Faculty and Administrator Perceptions of Instructional Support for Distance Education. (Instructional Media Initiatives: Focusing on the Educational Resources Center at Thirteen/WNET, New York, New York)

By Lee, June | International Journal of Instructional Media, Winter 2002 | Go to article overview

Faculty and Administrator Perceptions of Instructional Support for Distance Education. (Instructional Media Initiatives: Focusing on the Educational Resources Center at Thirteen/WNET, New York, New York)


Lee, June, International Journal of Instructional Media


The proliferation of information technologies has made it easier to employ distance education to meet the needs of time and place-bound students who otherwise may not have a chance to learn. Distance education is now emerging as part of mainstream education and training efforts to provide learning opportunities that are flexibly responsive to learners' needs. Among the different levels of education, higher education institutions have been forerunners in experimenting and establishing distance education. According to the recent national survey on distance education in higher education institutions (NCES, 1999), about 33% of the institutions in the United States currently offer distance education courses and an additional 20% plan to offer them in the next three years. Distance education is an increasingly important component of higher education, and has become a touchstone for those seeking to keep higher education relevant (Willis, 1998).

In spite of the increasing demand for distance education in higher education institutions, there have been several barriers to its growth. According to Lewis and Wall (1988), these barriers include: (a) technical barriers such as pace of technology change, limited access to hardware, and support service complications; (b) structural barriers such as off-campus students' limited access to libraries, lack of skills to access a variety of databases, and regulations regarding transmission across state boundaries; and (c) attitudinal barriers such as faculty resistance to off-campus learning. Brock (1987) and Dillon (1989) noted that the lack of faculty participation has also been a barrier to the growth of distance education in higher education.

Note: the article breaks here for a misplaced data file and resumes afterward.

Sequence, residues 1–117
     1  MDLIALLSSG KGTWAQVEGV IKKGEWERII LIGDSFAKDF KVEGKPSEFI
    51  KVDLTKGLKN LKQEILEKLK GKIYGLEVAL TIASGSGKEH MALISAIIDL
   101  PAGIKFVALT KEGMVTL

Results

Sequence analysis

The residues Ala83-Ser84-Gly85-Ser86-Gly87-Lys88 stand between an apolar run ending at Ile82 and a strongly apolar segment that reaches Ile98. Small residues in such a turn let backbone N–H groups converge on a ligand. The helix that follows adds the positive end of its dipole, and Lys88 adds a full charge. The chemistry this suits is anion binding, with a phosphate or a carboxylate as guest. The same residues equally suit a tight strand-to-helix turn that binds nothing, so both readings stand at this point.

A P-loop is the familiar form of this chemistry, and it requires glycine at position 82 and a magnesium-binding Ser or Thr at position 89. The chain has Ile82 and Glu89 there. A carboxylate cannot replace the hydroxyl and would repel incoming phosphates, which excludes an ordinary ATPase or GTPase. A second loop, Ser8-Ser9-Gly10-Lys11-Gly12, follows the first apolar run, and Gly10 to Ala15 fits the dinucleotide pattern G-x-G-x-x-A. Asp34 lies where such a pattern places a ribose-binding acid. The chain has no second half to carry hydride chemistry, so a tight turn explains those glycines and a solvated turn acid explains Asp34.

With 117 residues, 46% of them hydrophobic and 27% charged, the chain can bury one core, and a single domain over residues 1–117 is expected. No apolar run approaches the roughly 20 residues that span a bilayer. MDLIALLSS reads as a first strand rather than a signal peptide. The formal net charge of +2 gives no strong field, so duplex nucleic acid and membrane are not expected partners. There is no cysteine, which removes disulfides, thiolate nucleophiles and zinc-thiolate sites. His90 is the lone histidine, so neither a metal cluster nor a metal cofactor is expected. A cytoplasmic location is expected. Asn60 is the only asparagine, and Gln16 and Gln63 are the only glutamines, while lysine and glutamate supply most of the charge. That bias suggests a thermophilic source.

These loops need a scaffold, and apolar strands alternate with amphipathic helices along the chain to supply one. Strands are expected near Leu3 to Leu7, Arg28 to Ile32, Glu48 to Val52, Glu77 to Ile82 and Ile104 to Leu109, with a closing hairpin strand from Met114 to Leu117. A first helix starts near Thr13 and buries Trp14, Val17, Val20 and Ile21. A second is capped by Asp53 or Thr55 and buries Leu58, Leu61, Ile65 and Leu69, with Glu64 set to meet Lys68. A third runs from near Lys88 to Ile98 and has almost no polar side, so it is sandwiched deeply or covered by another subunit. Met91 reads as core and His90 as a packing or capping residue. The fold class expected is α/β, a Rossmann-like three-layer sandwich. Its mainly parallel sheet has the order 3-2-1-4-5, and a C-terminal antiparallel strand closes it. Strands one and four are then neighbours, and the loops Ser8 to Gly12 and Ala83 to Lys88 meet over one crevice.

Instructional support in a higher education institution refers to the kind of support the institution provides faculty members to develop and improve their instruction. It usually comes from people who have specialties in certain areas in which faculty members need training and assistance to conduct their teaching effectively. Specialists include instructional designers, editors, technicians, graphic designers, radio and/or television producers, teaching assistants, and librarians. In a distance education environment, instructional support can take the forms of course redesign support, training in the use and application of distance education technologies, training in teaching methods, and media and technical support. According to Olcott and Wright (1995), instructional support, such as establishing training and providing release-time for course development, is one of the key elements leading to successful distance education. One of the reasons is the fact that instruction at a distance differs from its traditional classroom counterpart in many ways (Gehlauf, Shatz, & Frye, 1991; Northrup, 1997). Moore and Kearsley (1996) summarized four factors that make distance teaching unique compared with traditional instruction. First, in most cases, distance instructors will not see how students react to what they are saying or doing. Second, the effectiveness of distance teaching is highly dependent on how well the instructors use the technology involved. Third, distance instructors need to pay a lot of attention to students' motivation. Fourth, distance instructors usually work closely with a number of different people in the development and delivery of the course. Because of these differences, faculty members' experiences in conventional education may not necessarily be transferred and work well in a distance education setting (Kelly, 1987). Hence, even an instructor who has been outstanding in his/her classroom teaching in traditional face-to-face settings needs to be prepared for distance instruction.

While some faculty members have instinctively developed the requisite skills and abilities for distance teaching, the majority requires specialized training or trial and error experience to become comfortable and effective at a distance (Willis, 1992). …

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